Copenhagen-based Empirical Spirits, led by Lars Williams and Mark Emil Hermansen, wants to bring new flavour to alcoholic drinks. (Photo: Christoffer Rydqvist) Words: Victoria Stewart
In a warehouse on Refshaleøen island, Copenhagen, a chorus of clattering is being produced by hacked-together machinery. Finishing some work on a still, Lars Williams, a muscular man distinguishable by his tattoos, jumps down. Over the past eight years, Williams ran The Nordic Food Lab, the research and development facility founded by chef René Redzepi of the Copenhagen restaurant Noma. It was at Noma that Redzepi, through his obsession with flavour, foraging and sustainability, helped spark the movement that explores food being an expression of its native ingredients and local environment. When Noma closed for refurbishment, Williams switched his focus to alcohol.
The result, started in February 2017, is Empirical Spirits, by Williams and his business partner, the tall and eloquent anthropologist Mark Emil Hermansen. At Empirical, Williams is eagerly leading an investigation into brewing and distilling, looking at flavours, traditions, technologies and techniques to see if things could be done differently. Why can’t spirits be seasonal, as food can, or have vintages, as wine does? Why should spirits be required to have an ABV of 40 per cent when they could taste far better at 20 per cent?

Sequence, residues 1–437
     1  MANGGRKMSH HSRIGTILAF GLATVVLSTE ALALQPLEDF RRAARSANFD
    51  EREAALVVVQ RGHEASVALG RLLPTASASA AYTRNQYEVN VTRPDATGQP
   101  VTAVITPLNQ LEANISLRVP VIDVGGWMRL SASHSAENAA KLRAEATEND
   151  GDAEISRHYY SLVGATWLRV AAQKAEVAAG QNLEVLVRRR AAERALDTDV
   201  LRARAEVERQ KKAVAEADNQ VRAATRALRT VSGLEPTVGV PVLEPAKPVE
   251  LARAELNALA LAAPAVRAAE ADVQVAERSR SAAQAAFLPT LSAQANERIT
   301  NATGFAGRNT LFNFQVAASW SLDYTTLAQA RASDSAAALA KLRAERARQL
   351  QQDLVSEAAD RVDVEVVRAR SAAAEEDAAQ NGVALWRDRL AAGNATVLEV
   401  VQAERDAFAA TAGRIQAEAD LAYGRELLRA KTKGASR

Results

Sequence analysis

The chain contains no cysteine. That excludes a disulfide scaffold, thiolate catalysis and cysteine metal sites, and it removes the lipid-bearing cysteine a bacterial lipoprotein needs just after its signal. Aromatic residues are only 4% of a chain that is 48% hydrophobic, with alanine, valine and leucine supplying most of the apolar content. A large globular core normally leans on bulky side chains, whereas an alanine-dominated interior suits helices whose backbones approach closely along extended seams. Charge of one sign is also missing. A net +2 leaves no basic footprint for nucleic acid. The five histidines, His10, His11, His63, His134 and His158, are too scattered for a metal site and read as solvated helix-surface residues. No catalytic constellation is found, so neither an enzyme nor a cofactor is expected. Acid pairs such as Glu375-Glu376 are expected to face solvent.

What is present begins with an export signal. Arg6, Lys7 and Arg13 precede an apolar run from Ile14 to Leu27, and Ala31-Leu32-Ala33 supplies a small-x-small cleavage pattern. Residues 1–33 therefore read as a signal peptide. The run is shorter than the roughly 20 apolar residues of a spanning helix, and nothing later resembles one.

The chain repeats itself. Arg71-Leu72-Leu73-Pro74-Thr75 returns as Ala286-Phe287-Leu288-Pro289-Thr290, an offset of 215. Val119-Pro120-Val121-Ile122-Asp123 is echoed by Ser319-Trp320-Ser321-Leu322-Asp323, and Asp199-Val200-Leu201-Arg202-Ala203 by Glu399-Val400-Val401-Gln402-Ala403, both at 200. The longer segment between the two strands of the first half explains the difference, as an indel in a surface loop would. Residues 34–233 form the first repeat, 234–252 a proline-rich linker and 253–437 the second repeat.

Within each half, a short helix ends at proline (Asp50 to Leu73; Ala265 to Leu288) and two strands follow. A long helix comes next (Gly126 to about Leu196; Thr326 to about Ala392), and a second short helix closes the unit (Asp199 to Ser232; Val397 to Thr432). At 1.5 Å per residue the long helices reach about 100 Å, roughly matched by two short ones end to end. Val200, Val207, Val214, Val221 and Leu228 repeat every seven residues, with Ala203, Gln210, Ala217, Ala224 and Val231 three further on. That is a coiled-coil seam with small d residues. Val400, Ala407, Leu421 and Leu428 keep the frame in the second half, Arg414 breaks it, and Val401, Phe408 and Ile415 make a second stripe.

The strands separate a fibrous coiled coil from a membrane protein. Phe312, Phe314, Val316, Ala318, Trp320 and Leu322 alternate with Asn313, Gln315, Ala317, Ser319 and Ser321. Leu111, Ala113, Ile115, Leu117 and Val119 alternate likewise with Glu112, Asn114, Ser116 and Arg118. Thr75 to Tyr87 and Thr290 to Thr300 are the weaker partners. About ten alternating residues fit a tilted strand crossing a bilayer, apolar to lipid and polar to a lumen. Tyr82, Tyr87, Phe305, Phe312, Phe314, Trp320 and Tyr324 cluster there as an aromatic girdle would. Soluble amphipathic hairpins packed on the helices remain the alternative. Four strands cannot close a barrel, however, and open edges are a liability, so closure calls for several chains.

Unusually, compared to say, gin distillers, Empirical creates its own base, which Williams describes “as more of a mash-up of eastern and western techniques, taking the best parts of sake and fusing them to the best parts of beer.”
To read the full article, which originally appeared in Wired Magazine in February 2018, click here.